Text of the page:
NATIONAL
April 6, 2011
AUSTIN, Texas — A Texas man scheduled to be put to death Tuesday received a stay of execution from the U.S. Supreme Court. It was granted after assertions that inmate Cleve Foster's state-appointed lawyers were ineffective and prevented him from raising claims of innocence. "I'm thrilled that the Supreme Court stayed Mr. Foster's execution and that they will be looking at the important issues raised," said Maurie Levin, Foster's attorney. Texas, which executes more inmates than any other state, has 30 days to respond to Foster's petition for a rehearing.
CALIFORNIA | LOCAL
February 9, 2011 | By Carol J. Williams, Los Angeles Times
New legal challenges threaten to further delay California's effort to resume executions despite five years of costly reforms and reconstruction to meet a federal judge's concerns that previous procedures might have inflicted cruel and unusual punishment. U.S. District Judge Jeremy Fogel on Tuesday toured San Quentin State Prison's new $900,000 execution facility, questioning state corrections authorities about the death penalty machinery and methods revised to address the concerns that led him to halt executions in 2006.
OPINION
January 27, 2011
In response to violations of international human rights norms, Western governments are slapping sanctions on a rogue regime by halting exports of a deadly substance. That's nothing new; what is new is that the rogue nation is the United States. The substance in question is sodium thiopental, a fast-acting anesthetic designed for surgery that has been put to a more sinister purpose in 34 states, which use it to numb condemned prison inmates before injecting another drug that stops their breathing and a third that stops their hearts.
OPINION
January 26, 2011
The tale of the 'Tiger' Re "Parenting experts tackle 'Tiger,' " Jan. 23 A motivated, driven individual of any class, color or creed can become her own drill sergeant, no Chinese "Tiger Mother" needed. Despite the backlash over author Amy Chua's denial to her children of bathroom or water breaks, I imposed similar discipline on myself from middle to graduate school. Regarding the denial of play dates and the ostracization from not watching television, children can socialize with their siblings, who are raised with similar rules, to overcome isolation.
CALIFORNIA | LOCAL
January 22, 2011 | By Carol J. Williams, Times Staff Writer
The sole U.S. maker of the anesthetic used in executions announced Friday it would stop manufacturing sodium thiopental to prevent its product from being used to put prisoners to death. Discontinuance of the drug that has been in short supply nationwide for the past year portends long-term complications for death penalty states. Some, like California, might have to revise laws governing executions and those seeking supplies from foreign makers may be turned away by countries that condemn capital punishment.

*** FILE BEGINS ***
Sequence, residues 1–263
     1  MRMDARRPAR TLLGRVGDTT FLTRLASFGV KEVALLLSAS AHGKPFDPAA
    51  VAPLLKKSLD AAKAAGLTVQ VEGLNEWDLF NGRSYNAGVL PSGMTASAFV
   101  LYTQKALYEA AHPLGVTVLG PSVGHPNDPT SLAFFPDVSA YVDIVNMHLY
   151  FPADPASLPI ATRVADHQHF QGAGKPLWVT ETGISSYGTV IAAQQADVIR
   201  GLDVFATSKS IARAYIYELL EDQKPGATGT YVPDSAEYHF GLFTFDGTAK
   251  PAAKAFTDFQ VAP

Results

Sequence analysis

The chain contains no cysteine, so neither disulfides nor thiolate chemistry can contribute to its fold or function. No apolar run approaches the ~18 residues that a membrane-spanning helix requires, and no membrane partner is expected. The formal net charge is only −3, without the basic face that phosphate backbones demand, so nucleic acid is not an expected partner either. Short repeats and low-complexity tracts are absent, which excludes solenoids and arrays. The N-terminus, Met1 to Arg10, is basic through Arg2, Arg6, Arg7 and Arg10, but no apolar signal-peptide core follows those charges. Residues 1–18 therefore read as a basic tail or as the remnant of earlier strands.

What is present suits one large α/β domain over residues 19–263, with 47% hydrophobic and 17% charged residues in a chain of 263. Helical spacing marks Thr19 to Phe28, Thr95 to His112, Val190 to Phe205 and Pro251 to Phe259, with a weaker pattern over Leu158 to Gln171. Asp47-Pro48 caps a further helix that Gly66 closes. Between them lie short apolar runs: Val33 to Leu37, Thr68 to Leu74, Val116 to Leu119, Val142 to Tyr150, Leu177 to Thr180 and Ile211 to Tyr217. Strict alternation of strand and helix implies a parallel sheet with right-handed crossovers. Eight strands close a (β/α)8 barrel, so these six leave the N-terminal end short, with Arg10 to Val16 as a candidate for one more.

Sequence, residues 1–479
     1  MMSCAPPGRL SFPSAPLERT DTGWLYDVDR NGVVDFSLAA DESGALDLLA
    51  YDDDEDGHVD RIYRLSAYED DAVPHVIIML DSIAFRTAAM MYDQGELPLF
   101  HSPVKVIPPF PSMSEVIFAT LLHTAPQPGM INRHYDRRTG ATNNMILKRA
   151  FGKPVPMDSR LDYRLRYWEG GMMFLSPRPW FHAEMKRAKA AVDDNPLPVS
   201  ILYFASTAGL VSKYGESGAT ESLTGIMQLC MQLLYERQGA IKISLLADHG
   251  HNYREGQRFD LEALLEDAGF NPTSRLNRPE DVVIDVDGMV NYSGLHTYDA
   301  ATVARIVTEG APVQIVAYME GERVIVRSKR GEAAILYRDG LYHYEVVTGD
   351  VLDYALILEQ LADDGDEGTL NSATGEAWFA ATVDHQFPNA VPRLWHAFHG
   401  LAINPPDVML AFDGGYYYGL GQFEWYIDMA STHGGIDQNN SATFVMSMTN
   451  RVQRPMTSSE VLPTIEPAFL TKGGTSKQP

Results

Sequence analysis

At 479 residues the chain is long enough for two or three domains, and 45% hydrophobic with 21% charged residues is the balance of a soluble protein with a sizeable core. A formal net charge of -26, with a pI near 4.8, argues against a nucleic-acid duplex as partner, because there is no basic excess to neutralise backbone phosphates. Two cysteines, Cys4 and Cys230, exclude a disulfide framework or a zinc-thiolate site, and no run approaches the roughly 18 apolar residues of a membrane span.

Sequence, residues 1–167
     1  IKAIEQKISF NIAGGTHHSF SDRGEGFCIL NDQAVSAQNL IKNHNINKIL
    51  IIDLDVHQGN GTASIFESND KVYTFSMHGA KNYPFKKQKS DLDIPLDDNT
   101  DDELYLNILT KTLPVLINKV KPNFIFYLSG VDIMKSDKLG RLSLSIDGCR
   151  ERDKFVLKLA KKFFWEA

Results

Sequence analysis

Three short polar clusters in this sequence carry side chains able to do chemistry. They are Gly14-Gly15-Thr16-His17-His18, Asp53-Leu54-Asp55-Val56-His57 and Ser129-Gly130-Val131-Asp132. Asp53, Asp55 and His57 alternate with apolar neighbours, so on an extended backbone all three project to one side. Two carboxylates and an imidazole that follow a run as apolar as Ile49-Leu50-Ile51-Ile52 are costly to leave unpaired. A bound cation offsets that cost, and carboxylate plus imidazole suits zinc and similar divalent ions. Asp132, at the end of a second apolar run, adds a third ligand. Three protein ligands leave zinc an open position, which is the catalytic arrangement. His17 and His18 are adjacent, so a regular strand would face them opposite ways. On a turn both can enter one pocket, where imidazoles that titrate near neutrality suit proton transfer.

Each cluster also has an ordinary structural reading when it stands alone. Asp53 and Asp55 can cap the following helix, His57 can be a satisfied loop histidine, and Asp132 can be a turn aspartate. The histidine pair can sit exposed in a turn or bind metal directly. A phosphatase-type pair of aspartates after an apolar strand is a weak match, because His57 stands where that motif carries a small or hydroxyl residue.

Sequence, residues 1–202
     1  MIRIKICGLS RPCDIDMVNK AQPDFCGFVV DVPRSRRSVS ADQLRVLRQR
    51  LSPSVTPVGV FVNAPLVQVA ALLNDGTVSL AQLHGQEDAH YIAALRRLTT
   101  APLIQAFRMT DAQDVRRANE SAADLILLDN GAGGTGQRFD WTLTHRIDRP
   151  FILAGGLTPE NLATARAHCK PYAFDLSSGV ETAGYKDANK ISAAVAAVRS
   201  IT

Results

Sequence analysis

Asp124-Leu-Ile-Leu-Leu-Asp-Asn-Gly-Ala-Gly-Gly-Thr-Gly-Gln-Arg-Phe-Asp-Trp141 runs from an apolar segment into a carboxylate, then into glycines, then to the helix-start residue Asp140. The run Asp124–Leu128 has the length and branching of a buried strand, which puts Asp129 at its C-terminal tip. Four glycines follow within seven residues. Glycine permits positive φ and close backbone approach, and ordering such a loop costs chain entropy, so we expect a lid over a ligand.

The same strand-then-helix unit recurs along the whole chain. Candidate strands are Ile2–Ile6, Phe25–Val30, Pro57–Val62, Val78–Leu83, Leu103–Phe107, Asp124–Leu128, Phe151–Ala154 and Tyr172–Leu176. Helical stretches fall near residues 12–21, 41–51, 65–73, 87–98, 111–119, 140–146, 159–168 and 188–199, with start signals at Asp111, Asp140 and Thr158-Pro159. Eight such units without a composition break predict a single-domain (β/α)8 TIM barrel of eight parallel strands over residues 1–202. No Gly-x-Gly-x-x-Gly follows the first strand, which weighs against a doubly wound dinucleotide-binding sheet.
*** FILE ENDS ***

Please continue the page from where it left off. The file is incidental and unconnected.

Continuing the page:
CALIFORNIA | LOCAL
December 2, 2010 | By Carol J. Williams, Los Angeles Times
A San Francisco judge has given state corrections officials until Tuesday to explain how they obtained fresh stocks of sodium thiopental, the key drug used in lethal-injection executions that is no longer available from the sole U.S. manufacturer. The state reported in October that it had acquired 12 grams of the drug ? enough for four executions . On Nov. 22, the office of Atty. Gen. Jerry Brown reported that the state had ordered an additional 521 grams and expected delivery this week.
CALIFORNIA | LOCAL
December 17, 2011 | By Carol J. Williams, Los Angeles Times
A judge on Friday threw out California's new lethal injection protocols, which have been five years in the making, because corrections officials failed to consider a one-drug execution method now in practice in other death penalty states. In ruling that the new protocols were "invalid," Marin County Superior Court Judge Faye D'Opal noted that one of the state's own experts recommended the single injection method as being superior to the three-drug sequence approved last year. State officials now must decide whether to appeal D'Opal's ruling or again revise the lethal injection procedures that were deemed unconstitutional by a federal judge in 2006.
OPINION
January 26, 2011
The tale of the 'Tiger' Re "Parenting experts tackle 'Tiger,' " Jan. 23 A motivated, driven individual of any class, color or creed can become her own drill sergeant, no Chinese "Tiger Mother" needed. Despite the backlash over author Amy Chua's denial to her children of bathroom or water breaks, I imposed similar discipline on myself from middle to graduate school. Regarding the denial of play dates and the ostracization from not watching television, children can socialize with their siblings, who are raised with similar rules, to overcome isolation.
CALIFORNIA | LOCAL
September 28, 2010 | Carol J. Williams
A federal appeals court in San Francisco late Monday ordered a trial judge to reconsider a ruling that allowed for a convicted murderer and rapist to be executed this week at San Quentin State Prison. Albert Greenwood Brown was scheduled to die at 9 p.m. Thursday for the 1980 killing of a 15-year-old Riverside girl. But the U.S. 9th Circuit Court of Appeals said U.S. District Judge Jeremy Fogel erred by offering Brown a choice of a one-drug lethal injection or a three-drug cocktail.
NATIONAL
November 14, 2009 | Carol J. Williams
Ohio became the first state in the nation Friday to adopt a single-injection method for executing condemned inmates, a process that state officials believe will avoid violating the constitutional ban on cruel and unusual punishment. The single large dose of anesthetic is similar to the method used by veterinarians to euthanize pets and livestock. Other states with capital punishment now use a three-drug formula that is believed to inflict pain if not properly administered. Richard Dieter, executive director of the Death Penalty Information Center, said that Ohio's new method was "a better alternative."